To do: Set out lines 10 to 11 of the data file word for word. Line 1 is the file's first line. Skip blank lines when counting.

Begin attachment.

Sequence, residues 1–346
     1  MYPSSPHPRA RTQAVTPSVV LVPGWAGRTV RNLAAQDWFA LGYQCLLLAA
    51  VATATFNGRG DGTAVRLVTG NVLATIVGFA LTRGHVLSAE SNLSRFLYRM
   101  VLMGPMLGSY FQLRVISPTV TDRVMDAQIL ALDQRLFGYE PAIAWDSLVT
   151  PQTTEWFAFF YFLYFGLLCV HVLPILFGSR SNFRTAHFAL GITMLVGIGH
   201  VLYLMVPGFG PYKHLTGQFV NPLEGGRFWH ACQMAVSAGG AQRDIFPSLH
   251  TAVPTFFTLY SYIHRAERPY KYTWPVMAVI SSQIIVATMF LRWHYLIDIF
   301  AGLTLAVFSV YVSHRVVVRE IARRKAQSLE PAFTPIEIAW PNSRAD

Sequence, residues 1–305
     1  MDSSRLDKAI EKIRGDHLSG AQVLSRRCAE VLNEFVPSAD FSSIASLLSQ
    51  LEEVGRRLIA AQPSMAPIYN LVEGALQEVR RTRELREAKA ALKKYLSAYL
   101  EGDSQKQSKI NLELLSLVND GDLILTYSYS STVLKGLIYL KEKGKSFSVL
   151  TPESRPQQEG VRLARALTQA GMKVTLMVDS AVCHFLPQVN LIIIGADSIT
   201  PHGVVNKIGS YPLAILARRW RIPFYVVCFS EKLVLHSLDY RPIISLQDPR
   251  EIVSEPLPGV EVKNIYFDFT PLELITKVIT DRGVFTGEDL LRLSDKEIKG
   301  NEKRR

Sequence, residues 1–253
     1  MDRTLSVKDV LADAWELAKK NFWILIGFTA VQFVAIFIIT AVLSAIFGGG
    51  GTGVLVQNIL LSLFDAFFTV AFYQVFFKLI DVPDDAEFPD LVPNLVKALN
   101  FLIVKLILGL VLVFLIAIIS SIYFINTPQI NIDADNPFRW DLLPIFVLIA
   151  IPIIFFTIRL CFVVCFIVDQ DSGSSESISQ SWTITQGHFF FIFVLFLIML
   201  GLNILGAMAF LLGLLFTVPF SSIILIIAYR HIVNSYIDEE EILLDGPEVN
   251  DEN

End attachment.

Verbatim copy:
     1  MDSSRLDKAI EKIRGDHLSG AQVLSRRCAE VLNEFVPSAD FSSIASLLSQ
    51  LEEVGRRLIA AQPSMAPIYN LVEGALQEVR RTRELREAKA ALKKYLSAYL